If you are a cancer survivor, you know how valuable it is to receive help from others. Cancer treatment can be an isolating experience and most people appreciate a helping hand. There may have been several people who provided both emotional and practical support during your treatment. Now as a cancer survivor, you may be looking for ways to give back and help others. Being on a bone marrow registry is one way you can help provide possible treatment for a cancer patient.
Bone marrow is used to treat certain forms of cancer, including leukemias, lymphomas, multiple myeloma, and rarely, solid tumor cancers. In addition, donated bone marrow helps people with other conditions, including immune deficiency disorders and severe aplastic anemia. If you're interested in donating bone marrow, you may be wondering if being a cancer survivor excludes you from being on a registry.
Bone Marrow Donation After Cancer Treatments
Your ability to donate bone marrow depends on the type of cancer you had, how long ago you were treated, and what treatments you received.
Which Cancer Survivors Can't Be Bone Marrow Donors?
Unfortunately, you are not able to donate bone marrow if you:
had any form of blood cancer
were treated with any form of chemotherapy
were treated using most forms of radiation treatments
Which Cancer Survivors Can Donate Bone Marrow?
If you received certain radiation treatments, you may still be eligible to donate:
localized bead radiation for breast cancer
localized bead radiation for prostate cancer
radioactive iodine for thyroid cancer
As long as you did not receive chemotherapy or radiation, the following forms of cancer may not interfere with your ability to donate bone marrow:
Cured, local basal cell or squamous cell cancer
Healed forms of in situ cancer: melanoma, cervical cancer, breast cancer, and bladder cancer
A history of precancerous cells
For most other forms of cancer, you may be able to donate if the following are true:
You were diagnosed over five years ago, and
You have not had any recurrence of cancer or metastases
While these guidelines may seem strict, they are not meant to discriminate. Medical guidelines for bone marrow donation are in place to protect both the donor's and the recipient's health. As a cancer survivor, registries do not want to compromise your health. And recipients need to receive the healthiest bone marrow possible for their best chance at recovery.
Additional Guidelines for Bone Marrow Donation
Aside from a history of cancer, there are other guidelines for donating bone marrow. These guidelines are different from the guidelines for donating blood.
There are several factors that could make you ineligible for bone marrow donation. Typically, a potential bone marrow donor:
Must be between 18 and 60 years of age. Often, registries will automatically remove donors on their 61st birthday. Bone marrow from people between the ages of 18 and 44 is used more often and is in higher demand. There is a slight increase in complications for donors who are 60 or older. And patients who receive bone marrow from younger donors often have a more successful recovery.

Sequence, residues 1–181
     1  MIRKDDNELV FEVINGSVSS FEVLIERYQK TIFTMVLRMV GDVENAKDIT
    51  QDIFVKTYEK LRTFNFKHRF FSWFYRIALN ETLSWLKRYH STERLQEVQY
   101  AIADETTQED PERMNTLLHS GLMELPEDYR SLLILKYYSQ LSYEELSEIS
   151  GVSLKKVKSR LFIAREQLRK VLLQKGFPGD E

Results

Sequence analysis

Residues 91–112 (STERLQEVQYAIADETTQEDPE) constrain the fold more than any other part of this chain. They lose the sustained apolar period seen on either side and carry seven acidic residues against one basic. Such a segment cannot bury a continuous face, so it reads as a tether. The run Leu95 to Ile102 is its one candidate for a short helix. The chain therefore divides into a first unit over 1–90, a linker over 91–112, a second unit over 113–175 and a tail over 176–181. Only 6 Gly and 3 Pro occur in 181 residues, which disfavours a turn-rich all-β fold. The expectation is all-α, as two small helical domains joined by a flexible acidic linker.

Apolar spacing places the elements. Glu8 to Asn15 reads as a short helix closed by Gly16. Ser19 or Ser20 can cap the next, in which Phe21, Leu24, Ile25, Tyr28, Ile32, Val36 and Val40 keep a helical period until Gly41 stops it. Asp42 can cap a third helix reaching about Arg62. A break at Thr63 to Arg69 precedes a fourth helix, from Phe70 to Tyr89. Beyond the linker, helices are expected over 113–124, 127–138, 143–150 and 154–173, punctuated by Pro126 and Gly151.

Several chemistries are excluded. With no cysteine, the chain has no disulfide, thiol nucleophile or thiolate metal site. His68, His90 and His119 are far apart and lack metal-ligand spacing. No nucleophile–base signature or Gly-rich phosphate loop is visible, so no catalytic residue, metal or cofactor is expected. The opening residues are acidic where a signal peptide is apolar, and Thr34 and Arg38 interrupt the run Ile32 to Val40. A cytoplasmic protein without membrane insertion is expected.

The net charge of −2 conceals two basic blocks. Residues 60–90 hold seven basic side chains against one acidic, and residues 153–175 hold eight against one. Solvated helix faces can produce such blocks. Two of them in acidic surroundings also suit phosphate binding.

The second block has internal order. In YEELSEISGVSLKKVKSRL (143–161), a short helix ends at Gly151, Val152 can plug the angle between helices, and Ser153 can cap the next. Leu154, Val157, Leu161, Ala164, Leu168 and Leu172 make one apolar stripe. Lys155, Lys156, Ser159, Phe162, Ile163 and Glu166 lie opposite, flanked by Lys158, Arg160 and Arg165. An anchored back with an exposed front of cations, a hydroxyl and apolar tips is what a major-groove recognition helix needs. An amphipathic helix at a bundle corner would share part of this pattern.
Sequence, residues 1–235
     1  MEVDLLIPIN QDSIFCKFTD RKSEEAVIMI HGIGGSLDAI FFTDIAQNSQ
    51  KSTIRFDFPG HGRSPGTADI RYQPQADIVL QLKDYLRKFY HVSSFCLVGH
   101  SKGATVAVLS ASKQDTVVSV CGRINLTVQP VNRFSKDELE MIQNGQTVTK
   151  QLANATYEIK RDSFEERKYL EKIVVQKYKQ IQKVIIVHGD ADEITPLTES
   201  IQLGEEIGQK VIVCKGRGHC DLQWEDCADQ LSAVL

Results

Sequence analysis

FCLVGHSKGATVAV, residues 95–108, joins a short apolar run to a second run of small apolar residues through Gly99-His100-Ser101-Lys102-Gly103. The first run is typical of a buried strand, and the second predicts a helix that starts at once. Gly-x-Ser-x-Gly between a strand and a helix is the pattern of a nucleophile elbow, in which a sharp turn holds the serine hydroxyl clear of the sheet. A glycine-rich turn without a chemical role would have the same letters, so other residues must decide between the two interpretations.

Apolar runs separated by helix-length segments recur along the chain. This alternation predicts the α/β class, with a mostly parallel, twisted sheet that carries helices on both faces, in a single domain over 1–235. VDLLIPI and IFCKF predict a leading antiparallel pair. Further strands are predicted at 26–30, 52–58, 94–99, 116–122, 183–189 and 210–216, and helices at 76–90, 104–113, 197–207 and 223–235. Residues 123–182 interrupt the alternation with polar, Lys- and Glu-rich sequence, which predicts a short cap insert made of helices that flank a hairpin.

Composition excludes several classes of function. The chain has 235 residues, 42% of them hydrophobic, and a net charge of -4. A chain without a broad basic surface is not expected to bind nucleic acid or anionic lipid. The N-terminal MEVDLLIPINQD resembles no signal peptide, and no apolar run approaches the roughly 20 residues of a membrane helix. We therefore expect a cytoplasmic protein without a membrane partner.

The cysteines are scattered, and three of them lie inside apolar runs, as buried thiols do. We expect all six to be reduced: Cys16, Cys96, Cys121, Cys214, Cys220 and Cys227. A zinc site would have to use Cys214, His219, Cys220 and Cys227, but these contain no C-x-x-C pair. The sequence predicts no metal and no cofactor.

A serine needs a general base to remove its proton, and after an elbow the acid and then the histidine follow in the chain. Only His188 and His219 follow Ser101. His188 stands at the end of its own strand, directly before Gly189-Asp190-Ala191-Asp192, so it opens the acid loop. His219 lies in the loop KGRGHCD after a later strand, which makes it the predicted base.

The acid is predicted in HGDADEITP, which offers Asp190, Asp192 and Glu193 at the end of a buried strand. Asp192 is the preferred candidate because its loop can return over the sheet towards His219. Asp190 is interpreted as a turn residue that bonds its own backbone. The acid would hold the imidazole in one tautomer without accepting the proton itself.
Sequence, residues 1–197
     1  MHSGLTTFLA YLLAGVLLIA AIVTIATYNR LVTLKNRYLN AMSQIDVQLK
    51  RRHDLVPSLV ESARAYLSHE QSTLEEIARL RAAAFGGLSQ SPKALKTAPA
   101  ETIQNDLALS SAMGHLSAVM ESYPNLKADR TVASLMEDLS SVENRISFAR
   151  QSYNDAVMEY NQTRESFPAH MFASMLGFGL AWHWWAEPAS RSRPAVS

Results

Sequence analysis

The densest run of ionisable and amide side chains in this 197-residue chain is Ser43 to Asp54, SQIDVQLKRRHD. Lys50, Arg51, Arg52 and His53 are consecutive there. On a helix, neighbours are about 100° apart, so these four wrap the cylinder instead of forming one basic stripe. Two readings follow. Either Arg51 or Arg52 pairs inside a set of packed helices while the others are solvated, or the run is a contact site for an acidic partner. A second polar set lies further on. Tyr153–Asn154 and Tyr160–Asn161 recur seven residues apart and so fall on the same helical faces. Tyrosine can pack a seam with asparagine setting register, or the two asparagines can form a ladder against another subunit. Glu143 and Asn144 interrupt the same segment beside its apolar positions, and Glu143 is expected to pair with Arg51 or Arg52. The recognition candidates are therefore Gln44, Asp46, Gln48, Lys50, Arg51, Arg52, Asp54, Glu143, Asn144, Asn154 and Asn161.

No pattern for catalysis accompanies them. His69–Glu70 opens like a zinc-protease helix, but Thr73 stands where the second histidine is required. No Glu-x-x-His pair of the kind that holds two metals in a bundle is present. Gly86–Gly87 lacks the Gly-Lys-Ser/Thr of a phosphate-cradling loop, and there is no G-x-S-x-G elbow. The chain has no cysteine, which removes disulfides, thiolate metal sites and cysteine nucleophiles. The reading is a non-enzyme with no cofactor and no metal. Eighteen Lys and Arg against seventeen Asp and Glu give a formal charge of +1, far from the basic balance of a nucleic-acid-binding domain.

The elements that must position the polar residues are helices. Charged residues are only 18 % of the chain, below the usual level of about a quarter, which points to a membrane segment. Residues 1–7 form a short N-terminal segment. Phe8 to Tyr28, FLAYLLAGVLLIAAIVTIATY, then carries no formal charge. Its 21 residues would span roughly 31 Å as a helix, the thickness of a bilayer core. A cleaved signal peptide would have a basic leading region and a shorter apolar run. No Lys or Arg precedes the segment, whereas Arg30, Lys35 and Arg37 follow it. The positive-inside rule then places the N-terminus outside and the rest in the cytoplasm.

Cannot be pregnant at the time of donation. Pregnant women may be on the registry, but would need to postpone donation until they are recovered from childbirth.
There are other conditions that may make you ineligible to donate bone marrow. If you have any specific questions about donating bone marrow, you should contact a bone marrow registry.
Why it is Important to be on a Donor List
In order to successfully donate bone marrow, the donor's and the recipient's human leukocyte antigen (HLA) must match. HLAs are proteins found on your white blood cells. When the donor and the recipient have the same HLA type, the recipient is less likely to have an immune response to the donation. HLA-matched bone marrow is less likely to be perceived as "foreign" by the body and lowers the risk of potential complications.
Some patients in need of bone marrow are successfully matched with a relative. However, many patients are not matched with a family member for a variety of reasons. Their relatives may not be an HLA match or are excluded from donating for health reasons. These cancer patients need to turn to a registry for a potential donor.
Keep in mind that not everyone who is put on a registry will be matched or even contacted for further information. Being on the registry, for those that are willing and able, is a noble thing to do. Bone marrow donors have the chance to provide life-saving treatments. The more people who are on a bone marrow donation list, the more potential matches there could be.
Other Ways You Can Help As a Cancer Survivor
As a cancer survivor, helping cancer patients may be important to you. Many people find strength from others while they have cancer and it can be fulfilling to help others. Even if you are ineligible to donate bone marrow, or are on a registry but never matched, there are still plenty of ways you can help. There are opportunities for everyone, no matter your skill sets or how much time you have to donate.
Those who are "people persons" have plenty of hands-on opportunities:
Offer to drive patients to medical appointments
Help out with light housekeeping and running errands
Volunteer your time at cancer fundraisers like charity walks and runs
If you prefer more behind the scenes work, you can:
Join an online cancer support group or Facebook page
Do office work for a cancer organization
Volunteer one-on-one for emotional support
Do You Have More Questions?
If you still have questions about bone marrow donation after cancer treatment, feel free to contact us today. At Compass Oncology, we know how important it is to have accurate information and feel supported. We are here to help with any cancer-related questions you may have.